than most states do. Nichols calls the library partnership between the
university and the state a "remarkable achievement."
"We share philosophies, equal access and resources," says Nichols. "When
we travel and tell others what we're doing in Maine, they're stunned. In
most states, libraries develop independent systems, but we're integrated
into one, and that's pretty rare. Our scale — the number of libraries
and open attitude of sharing by the leadership — works well for us."
Some of the first collaboratives among libraries in the United States
date to the late 1960s, and most were in the Midwest. Elaine Albright's
first job at the University of Illinois was to serve two cooperating
libraries by tapping the resources of what was then the largest state
university library in the country.
"The smaller libraries knew they needed the resources and couldn't
afford them," says Albright, Fogler's long-time director of libraries
who ushered in URSUS and other digital innovations before retiring in
2003. "I started my career thinking clients' use of other libraries was
very remote. Then I went to work for one of the first libraries in the
country to work in partnership with others."
In those budding years of library automation and partnership, Albright
was the human equivalent of today's computer search engine, researching
the answers to queries and filling publication requests from other
libraries. For eight years, she worked as part of the state-funded
ILLINET, Illinois Information Network, gaining first-hand knowledge of
the logistics and value of resource sharing between libraries. Before
returning to her home state, Albright directed a multi-library
cooperative in Illinois serving 513,000 people in five counties.
"The state began to realize economic development benefits. The
information access also allowed people to stay in their rural
communities. While moderately state-funded at first, ILLINET grew into a
model program with significant funding from the legislature," she says.
Having spent 17 years witnessing the empowerment of a rural state
through its technologically linked libraries, Albright was prepared to
sell the model to Maine. Her goal when she took the helm at Fogler in
1983 was to make the largest library in the state a service organization
for more than just the campus.
In a recent survey commissioned by the University of Maine on the
priorities of prospective students in New England, 89 percent of the
respondents said that a library ranked among the top nationally is very
important when considering college options.
Large libraries like Fogler have become sophisticated information
centers for their states, directly affecting education and lifelong
learning, economic development and quality of life. These libraries are
important repositories of research and historical resources, and despite
the technology, must operate in both the traditional and digital models
"A common perception is that the more a library is digitized, the less
room it needs," Nichols says. "While it makes sense to have research
resources online and fragile historical materials digitized, we still
have a tremendous amount in print, and will have for 100 years."
Fogler Library's collections include more than 2 million government documents and 1.4 million microform pieces. As a federal document
depository, Fogler Library provides government information to Maine,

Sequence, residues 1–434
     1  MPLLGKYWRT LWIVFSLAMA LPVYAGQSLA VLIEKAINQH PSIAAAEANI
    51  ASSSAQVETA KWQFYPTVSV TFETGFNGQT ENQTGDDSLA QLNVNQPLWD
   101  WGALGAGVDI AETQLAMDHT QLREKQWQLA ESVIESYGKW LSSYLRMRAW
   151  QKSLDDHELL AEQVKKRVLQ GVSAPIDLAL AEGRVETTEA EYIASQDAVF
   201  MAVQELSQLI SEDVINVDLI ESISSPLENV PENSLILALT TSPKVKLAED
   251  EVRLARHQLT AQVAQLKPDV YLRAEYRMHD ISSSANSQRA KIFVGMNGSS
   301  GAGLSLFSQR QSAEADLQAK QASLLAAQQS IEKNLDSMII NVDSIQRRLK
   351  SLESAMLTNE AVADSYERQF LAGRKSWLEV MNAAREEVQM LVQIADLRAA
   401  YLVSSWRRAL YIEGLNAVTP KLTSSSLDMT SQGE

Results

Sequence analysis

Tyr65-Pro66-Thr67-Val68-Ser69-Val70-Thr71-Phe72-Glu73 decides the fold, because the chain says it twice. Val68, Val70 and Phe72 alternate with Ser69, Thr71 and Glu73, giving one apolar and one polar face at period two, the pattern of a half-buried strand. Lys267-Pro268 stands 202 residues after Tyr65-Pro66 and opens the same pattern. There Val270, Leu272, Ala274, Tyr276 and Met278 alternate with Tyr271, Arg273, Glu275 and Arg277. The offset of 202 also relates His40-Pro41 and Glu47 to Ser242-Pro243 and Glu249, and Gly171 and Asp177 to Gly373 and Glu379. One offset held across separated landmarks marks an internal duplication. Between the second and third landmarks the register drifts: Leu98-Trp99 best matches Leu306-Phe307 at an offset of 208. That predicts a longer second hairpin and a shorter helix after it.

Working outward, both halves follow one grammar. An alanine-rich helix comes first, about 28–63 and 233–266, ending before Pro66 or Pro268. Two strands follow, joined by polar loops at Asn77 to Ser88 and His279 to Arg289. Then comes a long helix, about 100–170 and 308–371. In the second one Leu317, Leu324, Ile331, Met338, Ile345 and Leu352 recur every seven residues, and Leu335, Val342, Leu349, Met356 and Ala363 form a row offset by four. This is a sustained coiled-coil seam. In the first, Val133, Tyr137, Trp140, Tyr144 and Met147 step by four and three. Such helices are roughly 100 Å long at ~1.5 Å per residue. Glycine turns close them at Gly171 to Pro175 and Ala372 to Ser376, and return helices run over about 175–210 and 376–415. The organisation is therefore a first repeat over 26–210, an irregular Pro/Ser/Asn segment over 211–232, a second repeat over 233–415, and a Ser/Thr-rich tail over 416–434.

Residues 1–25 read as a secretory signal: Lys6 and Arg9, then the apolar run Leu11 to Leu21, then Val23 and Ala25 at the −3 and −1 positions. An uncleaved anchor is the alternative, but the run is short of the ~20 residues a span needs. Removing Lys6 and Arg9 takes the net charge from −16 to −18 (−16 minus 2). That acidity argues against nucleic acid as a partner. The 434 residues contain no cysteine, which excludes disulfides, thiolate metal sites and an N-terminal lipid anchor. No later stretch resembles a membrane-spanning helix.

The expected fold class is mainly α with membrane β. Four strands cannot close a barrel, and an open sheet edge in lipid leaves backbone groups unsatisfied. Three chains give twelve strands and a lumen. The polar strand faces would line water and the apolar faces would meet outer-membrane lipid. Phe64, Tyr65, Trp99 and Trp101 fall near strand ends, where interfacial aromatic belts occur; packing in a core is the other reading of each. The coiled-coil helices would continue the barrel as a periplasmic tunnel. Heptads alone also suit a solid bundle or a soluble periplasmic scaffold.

Vermont and New Hampshire. The library is a Patent and Trademark
Depository, and home to a nationally recognized Canadian Studies
collection. Also found in the library are such valuable collections as
the William S. Cohen Papers, the manuscript collection of Stephen King,
and Maine-related archives, including those extensively documenting the
state's forestry and agricultural history.
The library's annex holds most of the special collections, almost a
third of the government documents, and portions of the bound journals
and the circulating collections.
While more library patrons than ever before are accessing information
electronically, just as many know the value of opening books or resource
materials. Bangor Public Library is a case in point.
Before its $9 million expansion and renovation in 1998, Bangor Public
Library had closed stacks and minimal electronic information resources.
With the improvements, which included open stacks and new technology,
circulation has increased 50 percent annually for the past six years.
"Technology is an enhancement to books," McDade says. "We're still early
enough in the digital age that we need something permanent or we'll lose
the knowledge we've gained."
In the past year, focus groups and discussions on campus have centered
on plans for an expanded Fogler Library. Students and other users cite
the need for group study areas and more seating, a portion of the
library open 24 hours, and a library instructional facility. Faculty
concerns include the library's static annual budget, which has caused
cuts in staff, technology upgrades and acquisitions, especially in
professional journals and monographs.
Public librarians call for Fogler to be the "last copy" center for the
state — a repository of books or bound volumes within Maine's library
network. Here, "last copies" would be held for access by any library in
the state, freeing space in those smaller community libraries.
"When any library in the state expands, it shows the importance of
libraries and it helps all of us in the state. If Fogler could expand
and get more staff," McDade says, "it could only help Maine's library
community with its resources and expertise."
by Margaret Nagle
for more stories from this issue of UMaine Today Magazine.